- (intransitive) To condescend; to do despite a perceived affront to one's dignity.
- 1956, Anthony Burgess, Time for a Tiger (The Malayan Trilogy), published 1972, page 192:
- "He will deign to finish this simple fare and wash it down with nothing more Lucullan than beer."
- He didn't even deign to give us a nod of the head; he thought us that far beneath him.
- (transitive) To condescend to give; to do something.
- c. 1606, William Shakespeare, “The Tragedie of Macbeth”, in Mr. William Shakespeares Comedies, Histories, & Tragedies […] (First Folio), London: […] Isaac Iaggard, and Ed[ward] Blount, published 1623, OCLC 606515358, [Act I, scene ii], page 131, column 2:
- Nor would we deigne him buriall of his men, / Till he diſburſed, at Saint Colmes ynch, / Ten thouſand Dollars, to our generall vſe.
- 1871, Charlotte Mary Yonge, Heartsease, Or, The Brother's Wife, volume 2, page 189:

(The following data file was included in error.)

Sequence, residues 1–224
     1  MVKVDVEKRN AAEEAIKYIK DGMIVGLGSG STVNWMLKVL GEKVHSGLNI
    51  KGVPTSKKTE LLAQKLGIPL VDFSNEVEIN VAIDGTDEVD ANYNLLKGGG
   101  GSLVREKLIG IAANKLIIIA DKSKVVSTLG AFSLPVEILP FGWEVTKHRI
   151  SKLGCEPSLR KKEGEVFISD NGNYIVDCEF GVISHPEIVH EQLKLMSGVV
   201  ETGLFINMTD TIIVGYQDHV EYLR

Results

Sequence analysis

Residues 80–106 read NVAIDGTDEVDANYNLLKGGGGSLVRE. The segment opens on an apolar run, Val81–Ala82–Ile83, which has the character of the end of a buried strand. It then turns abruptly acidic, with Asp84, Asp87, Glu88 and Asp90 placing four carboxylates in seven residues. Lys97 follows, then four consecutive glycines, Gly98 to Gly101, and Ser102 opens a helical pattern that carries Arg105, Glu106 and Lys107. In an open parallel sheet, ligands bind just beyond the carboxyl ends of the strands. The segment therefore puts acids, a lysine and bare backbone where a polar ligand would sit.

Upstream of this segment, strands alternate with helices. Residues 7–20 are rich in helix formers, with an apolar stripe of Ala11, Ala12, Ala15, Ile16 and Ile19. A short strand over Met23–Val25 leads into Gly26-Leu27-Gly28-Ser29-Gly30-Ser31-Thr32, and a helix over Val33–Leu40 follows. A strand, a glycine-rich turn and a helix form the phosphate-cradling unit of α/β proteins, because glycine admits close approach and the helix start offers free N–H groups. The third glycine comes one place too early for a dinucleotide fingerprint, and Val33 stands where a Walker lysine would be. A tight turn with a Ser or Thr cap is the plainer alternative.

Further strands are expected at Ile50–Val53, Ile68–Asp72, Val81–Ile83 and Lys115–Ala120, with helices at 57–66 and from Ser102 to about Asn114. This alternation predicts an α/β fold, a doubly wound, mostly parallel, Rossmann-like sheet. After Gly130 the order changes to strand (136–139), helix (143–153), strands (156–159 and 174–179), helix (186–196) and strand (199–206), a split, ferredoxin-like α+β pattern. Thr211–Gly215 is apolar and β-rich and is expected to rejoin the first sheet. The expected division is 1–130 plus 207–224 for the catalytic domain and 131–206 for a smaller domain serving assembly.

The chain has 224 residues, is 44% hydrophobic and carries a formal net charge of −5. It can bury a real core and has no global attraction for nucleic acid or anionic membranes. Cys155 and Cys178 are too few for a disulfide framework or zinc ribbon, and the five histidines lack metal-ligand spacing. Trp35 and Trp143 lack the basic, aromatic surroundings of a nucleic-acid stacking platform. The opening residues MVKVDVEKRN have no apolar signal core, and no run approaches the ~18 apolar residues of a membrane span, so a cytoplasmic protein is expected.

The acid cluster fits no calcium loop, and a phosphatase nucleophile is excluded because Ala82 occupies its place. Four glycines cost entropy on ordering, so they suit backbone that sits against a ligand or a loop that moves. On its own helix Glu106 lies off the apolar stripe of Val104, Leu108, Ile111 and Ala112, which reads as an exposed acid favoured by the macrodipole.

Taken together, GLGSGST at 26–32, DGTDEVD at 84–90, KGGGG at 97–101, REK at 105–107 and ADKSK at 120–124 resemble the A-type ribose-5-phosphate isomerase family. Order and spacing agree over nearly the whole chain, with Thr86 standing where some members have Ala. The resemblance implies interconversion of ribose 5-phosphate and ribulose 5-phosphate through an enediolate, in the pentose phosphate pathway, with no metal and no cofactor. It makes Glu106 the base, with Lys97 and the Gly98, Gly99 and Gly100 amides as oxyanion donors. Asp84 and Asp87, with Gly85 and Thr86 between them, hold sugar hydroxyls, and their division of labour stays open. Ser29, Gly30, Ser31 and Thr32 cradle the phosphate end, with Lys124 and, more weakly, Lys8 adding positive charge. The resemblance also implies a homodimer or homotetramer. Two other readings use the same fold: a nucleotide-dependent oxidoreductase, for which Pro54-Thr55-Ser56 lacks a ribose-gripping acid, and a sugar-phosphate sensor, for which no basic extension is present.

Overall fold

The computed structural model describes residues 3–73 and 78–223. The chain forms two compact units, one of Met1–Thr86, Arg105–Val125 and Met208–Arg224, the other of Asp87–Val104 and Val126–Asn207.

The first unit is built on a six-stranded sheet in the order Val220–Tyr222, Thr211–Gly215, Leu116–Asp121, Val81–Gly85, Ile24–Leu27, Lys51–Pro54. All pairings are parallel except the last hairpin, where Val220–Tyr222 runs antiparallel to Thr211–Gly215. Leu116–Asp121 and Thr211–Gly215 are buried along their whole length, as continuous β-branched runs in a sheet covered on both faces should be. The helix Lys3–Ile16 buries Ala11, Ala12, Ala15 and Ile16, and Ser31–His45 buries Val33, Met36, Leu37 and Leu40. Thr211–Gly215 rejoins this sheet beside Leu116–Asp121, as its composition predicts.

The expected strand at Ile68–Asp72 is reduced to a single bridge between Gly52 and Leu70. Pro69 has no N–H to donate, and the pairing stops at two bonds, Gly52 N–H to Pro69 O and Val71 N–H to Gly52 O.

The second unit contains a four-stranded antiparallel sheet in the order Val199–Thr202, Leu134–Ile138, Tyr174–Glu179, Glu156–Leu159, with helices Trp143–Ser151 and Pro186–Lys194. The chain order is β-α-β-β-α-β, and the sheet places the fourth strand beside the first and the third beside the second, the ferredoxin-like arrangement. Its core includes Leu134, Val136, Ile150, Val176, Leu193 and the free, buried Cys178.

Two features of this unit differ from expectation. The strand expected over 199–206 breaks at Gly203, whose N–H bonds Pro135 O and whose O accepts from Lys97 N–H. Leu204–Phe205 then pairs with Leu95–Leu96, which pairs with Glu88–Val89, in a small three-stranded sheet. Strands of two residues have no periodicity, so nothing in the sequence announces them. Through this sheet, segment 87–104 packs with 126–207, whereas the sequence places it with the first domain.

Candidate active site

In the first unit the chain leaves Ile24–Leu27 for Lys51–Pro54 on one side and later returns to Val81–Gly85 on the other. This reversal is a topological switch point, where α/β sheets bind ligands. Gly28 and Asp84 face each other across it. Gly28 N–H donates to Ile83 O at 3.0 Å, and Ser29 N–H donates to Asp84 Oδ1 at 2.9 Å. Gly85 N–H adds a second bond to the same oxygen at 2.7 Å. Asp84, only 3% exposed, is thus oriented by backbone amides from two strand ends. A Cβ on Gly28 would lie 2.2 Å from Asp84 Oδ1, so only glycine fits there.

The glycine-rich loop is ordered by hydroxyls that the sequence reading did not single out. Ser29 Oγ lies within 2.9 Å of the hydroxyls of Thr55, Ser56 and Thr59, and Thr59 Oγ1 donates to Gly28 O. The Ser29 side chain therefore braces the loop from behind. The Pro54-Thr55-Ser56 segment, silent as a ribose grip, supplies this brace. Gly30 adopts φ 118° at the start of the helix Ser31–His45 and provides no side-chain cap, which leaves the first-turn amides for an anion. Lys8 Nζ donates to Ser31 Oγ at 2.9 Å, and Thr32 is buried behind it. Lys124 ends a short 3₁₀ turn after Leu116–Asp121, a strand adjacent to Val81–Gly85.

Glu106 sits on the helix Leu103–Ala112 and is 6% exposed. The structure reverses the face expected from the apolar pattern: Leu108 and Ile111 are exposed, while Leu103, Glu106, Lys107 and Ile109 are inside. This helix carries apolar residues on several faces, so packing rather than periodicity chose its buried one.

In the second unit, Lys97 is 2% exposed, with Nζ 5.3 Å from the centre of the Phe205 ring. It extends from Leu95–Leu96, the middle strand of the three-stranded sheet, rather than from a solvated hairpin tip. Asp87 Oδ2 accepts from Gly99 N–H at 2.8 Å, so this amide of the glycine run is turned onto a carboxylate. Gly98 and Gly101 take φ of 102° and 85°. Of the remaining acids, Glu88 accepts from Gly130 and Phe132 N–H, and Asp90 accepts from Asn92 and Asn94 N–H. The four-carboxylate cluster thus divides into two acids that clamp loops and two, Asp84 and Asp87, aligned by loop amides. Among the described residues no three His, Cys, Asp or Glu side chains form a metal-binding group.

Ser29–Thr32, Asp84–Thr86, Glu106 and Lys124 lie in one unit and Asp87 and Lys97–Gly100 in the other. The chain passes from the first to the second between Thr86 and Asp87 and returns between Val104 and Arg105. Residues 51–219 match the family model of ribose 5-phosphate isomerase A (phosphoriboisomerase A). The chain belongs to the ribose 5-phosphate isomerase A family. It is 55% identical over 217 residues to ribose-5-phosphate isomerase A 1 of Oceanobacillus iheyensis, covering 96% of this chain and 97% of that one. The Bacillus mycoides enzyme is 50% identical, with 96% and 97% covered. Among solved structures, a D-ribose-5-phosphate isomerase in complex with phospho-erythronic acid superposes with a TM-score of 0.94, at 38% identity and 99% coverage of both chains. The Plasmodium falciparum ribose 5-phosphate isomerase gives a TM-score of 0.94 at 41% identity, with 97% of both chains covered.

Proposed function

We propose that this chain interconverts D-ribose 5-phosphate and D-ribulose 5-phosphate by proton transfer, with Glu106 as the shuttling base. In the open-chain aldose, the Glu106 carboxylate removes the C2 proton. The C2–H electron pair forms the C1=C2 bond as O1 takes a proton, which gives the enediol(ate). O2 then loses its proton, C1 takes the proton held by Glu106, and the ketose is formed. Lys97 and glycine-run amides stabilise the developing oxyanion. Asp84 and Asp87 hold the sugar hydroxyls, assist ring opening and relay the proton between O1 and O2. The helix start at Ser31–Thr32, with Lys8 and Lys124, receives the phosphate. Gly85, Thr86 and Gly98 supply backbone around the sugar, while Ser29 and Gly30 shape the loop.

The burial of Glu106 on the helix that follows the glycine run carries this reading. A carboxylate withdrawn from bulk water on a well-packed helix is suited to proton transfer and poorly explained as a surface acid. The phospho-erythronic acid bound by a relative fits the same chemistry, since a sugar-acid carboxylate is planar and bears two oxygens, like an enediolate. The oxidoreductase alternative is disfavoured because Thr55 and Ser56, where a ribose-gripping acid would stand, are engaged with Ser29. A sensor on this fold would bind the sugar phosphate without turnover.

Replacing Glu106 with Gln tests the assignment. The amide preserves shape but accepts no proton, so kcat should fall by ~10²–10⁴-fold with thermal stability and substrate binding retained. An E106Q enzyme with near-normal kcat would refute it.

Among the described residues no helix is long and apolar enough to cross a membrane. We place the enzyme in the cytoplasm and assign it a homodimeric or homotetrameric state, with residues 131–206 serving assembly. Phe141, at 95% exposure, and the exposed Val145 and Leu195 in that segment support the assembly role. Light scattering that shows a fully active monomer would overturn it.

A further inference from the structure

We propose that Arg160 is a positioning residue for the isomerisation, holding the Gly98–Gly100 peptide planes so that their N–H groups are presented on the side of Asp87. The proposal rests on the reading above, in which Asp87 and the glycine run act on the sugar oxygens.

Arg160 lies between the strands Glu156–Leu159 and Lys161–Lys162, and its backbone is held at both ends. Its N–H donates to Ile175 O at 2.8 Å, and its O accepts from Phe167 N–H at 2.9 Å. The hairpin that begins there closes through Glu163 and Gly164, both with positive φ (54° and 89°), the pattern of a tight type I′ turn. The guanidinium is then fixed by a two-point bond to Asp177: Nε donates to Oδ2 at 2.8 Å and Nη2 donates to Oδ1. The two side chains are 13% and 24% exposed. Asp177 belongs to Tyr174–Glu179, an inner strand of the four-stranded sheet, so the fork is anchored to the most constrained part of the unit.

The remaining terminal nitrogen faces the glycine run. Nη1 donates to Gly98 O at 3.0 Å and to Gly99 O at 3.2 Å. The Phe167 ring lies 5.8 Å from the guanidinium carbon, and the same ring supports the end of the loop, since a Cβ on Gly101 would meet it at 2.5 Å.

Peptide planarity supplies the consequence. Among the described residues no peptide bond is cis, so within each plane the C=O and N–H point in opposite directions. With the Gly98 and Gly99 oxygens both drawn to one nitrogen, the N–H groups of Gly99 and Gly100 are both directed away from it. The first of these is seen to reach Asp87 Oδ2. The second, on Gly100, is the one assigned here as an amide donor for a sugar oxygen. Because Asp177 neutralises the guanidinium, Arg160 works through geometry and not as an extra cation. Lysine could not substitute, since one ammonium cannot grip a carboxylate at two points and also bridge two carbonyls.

- He, who usually hardly deigned a glance at his infants, now lay gazing with inexpressible softness and sadness at the little sleeping face […]
- (obsolete) To esteem worthy; to consider worth notice.
- c. 1590–1591, William Shakespeare, “The Two Gentlemen of Verona”, in Mr. William Shakespeares Comedies, Histories, & Tragedies […] (First Folio), London: […] Isaac Iaggard, and Ed[ward] Blount, published 1623, OCLC 606515358, [Act I, scene i]:
- Go, go, be gone, to ſaue your Ship from wrack, / Which cannot periſh hauing thee aboarde, / Being deſtin’d to a drier death on ſhore : / I muſt goe ſend ſome better Meſſenger, / I fear my Iulia would not daigne my lines, / Receiuing them from ſuch a worthleſſe poſt.